Two Dimensional Transforms

Two Dimensional Transforms

Two Dimensional Transforms

CSS3 gives us the transform property, which allows us to easily position, stretch, scale, and rotate elements. Here's a list of the valid values (functions) for the transform property:

2D Transform Methods
Method Example
translate translate(10px, -20px) moves the element 10 pixels left and 20 pixels up from its original position; can use translateX or translateY for horizontal or vertical positioning
rotate rotate(20deg) rotates the element 20 degrees clockwise; negative values rotate counter-clockwise
scale scale(2,3.5) stretches the element to be twice as wide and 3.5 times as tall; can also use scaleX or scaleY to specify horizontal or vertical scaling
skew skew(10deg, 20deg) turns the element 10 degrees about the X axis and 20 degrees about the Y axis; can also use skewX or skewY to control X- and Y-axis skew
matrix matrix(0.75,0.5,-0.5,1.5,20,0) allows us to specify all of the above methods at once according to a square matrix - see the W3C website for more description of using the matrix function (but be sure to dig up a linear algebra textbook for reference!)

Browser support for transforms is catching up; newer versions of desktop and mobile browser support the property well. Vendor prefixes are recommended - we won't show the prefixes when discussing syntax but will use as appropriate in demos and exercises. Internet Explorer supports transform from version 9 (with -ms- prefix) and without the prefix in version 10.

We'll examine each of the various transform methods in the next example.

Code Sample:

TransformsTransitions/Demos/transforms.html
```<!DOCTYPE html>
<html>
<meta charset="utf-8">
<title>CSS3 2D Transforms</title>
<style type="text/css">
div.example {
width: 140px;
height: 200px;
background-color: hsl(0, 20%, 70%);
margin: 0 5px 20px 0;
text-align: center;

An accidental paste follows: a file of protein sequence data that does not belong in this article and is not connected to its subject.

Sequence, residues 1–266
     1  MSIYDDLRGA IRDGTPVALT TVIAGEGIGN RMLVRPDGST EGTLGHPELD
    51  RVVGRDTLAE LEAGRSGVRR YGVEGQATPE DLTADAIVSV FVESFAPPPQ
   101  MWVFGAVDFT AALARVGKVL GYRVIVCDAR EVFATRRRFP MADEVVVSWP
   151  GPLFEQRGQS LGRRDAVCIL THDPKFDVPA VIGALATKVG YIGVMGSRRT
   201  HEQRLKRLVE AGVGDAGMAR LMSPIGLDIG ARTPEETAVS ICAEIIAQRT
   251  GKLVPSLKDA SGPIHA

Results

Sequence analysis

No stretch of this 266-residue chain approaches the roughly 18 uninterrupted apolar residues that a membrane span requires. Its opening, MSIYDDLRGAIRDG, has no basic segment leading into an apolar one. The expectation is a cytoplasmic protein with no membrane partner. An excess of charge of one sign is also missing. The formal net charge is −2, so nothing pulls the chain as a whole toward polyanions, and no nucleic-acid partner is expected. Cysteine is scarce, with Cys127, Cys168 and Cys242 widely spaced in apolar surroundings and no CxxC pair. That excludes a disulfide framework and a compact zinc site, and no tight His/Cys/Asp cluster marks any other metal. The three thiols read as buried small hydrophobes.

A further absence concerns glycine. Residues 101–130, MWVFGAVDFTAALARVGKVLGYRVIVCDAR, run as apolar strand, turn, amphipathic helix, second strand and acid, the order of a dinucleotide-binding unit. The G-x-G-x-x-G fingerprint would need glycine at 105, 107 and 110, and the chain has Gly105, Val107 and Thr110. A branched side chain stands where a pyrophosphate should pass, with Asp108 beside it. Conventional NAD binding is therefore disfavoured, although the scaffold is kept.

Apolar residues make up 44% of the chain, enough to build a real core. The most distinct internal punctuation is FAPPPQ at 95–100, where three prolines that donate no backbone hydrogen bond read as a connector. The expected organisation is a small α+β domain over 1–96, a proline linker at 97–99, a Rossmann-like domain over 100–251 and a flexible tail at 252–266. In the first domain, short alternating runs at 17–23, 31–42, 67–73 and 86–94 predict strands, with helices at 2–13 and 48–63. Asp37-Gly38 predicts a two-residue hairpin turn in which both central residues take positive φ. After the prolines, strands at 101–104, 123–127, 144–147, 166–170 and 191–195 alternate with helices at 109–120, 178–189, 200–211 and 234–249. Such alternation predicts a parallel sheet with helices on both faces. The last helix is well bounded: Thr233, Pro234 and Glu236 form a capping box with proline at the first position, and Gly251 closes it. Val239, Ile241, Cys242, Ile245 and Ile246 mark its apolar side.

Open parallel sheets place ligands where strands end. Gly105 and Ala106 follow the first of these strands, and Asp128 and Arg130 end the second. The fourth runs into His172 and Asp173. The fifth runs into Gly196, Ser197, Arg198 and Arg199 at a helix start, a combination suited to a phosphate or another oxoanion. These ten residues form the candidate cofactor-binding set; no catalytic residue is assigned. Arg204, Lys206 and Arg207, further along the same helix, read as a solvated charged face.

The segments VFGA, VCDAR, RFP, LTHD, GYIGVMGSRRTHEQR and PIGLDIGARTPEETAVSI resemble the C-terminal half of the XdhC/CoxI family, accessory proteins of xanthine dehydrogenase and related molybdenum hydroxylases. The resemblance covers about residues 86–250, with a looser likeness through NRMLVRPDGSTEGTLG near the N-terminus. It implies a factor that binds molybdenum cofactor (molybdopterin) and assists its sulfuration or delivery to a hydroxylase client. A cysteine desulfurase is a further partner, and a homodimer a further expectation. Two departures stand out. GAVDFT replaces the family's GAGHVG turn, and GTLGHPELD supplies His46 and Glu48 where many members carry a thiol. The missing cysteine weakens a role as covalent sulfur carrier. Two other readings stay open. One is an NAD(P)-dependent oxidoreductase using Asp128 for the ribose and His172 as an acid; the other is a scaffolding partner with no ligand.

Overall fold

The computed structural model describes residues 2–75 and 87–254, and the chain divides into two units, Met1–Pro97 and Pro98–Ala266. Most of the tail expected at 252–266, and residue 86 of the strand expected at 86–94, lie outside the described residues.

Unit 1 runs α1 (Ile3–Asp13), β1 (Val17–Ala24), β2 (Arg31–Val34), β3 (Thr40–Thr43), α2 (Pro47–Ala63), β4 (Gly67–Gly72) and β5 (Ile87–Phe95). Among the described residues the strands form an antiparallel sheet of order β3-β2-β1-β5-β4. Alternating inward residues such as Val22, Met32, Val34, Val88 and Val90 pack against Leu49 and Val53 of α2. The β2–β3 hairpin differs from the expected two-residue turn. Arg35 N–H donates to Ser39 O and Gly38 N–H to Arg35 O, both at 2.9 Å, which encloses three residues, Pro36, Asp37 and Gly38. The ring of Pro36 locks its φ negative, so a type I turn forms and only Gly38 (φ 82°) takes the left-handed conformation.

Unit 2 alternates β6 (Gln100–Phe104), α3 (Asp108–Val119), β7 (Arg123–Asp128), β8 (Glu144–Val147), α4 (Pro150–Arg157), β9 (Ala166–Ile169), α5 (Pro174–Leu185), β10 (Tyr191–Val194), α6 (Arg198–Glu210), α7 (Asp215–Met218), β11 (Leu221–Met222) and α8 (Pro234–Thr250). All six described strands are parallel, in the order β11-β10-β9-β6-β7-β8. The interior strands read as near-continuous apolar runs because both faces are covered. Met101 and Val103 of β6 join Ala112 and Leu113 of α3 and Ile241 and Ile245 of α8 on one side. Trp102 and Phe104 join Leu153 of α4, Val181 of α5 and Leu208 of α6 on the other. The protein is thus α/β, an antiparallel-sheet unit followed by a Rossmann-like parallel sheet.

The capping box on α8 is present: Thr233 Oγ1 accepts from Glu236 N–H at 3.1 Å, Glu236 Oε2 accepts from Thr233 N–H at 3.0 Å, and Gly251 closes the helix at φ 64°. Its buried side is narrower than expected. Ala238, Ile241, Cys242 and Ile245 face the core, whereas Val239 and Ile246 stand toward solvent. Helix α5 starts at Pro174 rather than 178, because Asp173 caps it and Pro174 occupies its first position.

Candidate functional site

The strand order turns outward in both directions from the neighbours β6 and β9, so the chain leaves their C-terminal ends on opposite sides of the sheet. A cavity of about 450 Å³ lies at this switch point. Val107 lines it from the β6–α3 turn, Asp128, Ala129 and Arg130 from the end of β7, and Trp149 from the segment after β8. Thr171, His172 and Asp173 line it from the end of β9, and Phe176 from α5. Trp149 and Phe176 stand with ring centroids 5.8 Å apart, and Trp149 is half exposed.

float: left;
}
div.example div {
width: 50px;
height: 50px;
background-color: hsl(0, 20%, 20%);
}
div.example code {
display: block;
font-size: 0.8em;
}
#translate:hover div {
-webkit-transform: translate(50px, 100px);
-moz-transform: translate(50px, 100px);
-ms-transform: translate(50px, 100px);
-o-transform: translate(50px, 100px);
transform: translate(50px, 100px);
}
#rotate:hover div {
-webkit-transform: rotate(20deg);
-moz-transform: rotate(20deg);
-ms-transform: rotate(20deg);
-o-transform: rotate(20deg);
transform: rotate(20deg);
}
#scale:hover div {
-webkit-transform: scale(2.5, 3);
-moz-transform: scale(2.5, 3);
-ms-transform: scale(2.5, 3);
-o-transform: scale(2.5, 3);
transform: scale(2.5, 3);
}
#skew:hover div {
-webkit-transform: skew(10deg, 30deg);
-moz-transform: skew(10deg, 30deg);
-ms-transform: skew(10deg, 30deg);
-o-transform: skew(10deg, 30deg);
transform: skew(10deg, 30deg);
}
#matrix:hover div {
-webkit-transform: matrix(0.75,0.5,-0.5,1.5,20,0);
-moz-transform: matrix(0.75,0.5,-0.5,1.5,20,0);
-ms-transform: matrix(0.75,0.5,-0.5,1.5,20,0);
-o-transform: matrix(0.75,0.5,-0.5,1.5,20,0);
transform: matrix(0.75,0.5,-0.5,1.5,20,0);
}
</style>
<body>
<div id="main">
<h1>CSS3 2D Transforms</h1>
<div class="example" id="translate"><code>translate()</code><div></div></div>
<div class="example" id="rotate"><code>rotate()</code><div></div></div>
<div class="example" id="scale"><code>scale()</code><div></div></div>
<div class="example" id="skew"><code>skew()</code><div></div></div>
<div class="example" id="matrix"><code>matrix()</code><div></div></div>
</div>
</body>
</html>
```

Open ClassFiles/TransformsTransitions/Demos/transforms.html in a code editor to view the code, and in a browser to view the result.

The page displays five `<div>`s, each labeled with a `transform` method and containing a small, darker `<div>`. When moused over, each of the small dark elements displays its respective `transform` method. The screenshot below shows at top the original state of each element; at bottom is the result of each upon application of its respective `transform` method:

In the first element, `transform: translate(50px, 100px);` pushes the small box 50 pixels right and 100 pixels down from its original position.

In the second element, `transform: rotate(20deg);` rotates the small box 20 degrees clockwise.

We use `transform: scale(2.5, 3);` to stretch the third box 2.5 times wider and three times taller.

In the fourth example, we skew the small box 10 degrees about the X-axis and 30 degrees about the Y-axis with `transform: skew(10deg, 30deg);`

We combine all of the transforms with `transform: matrix(0.75,0.5,-0.5,1.5,20,0);` in the final example.

By default, the origin - the reference point for translations, rotations, scalings, and skewings - is the center of the element. We can change that via the transform-origin property. The property accepts values for the x-axis and y-axis of the origin, respectively, in percentage, absolute length, or keyword forms. Here are some examples:

• transform-origin: 20% 50%
• transform-origin: left top (possible x values are left, center, right; possible y values are top, center, bottom)
• transform-origin: 10px 50px

In our work so far, we have only looked at two-dimensional transforms. CSS3 also gives us the power to transform elements in three dimensions, too, but those transforms are beyond the scope of this course.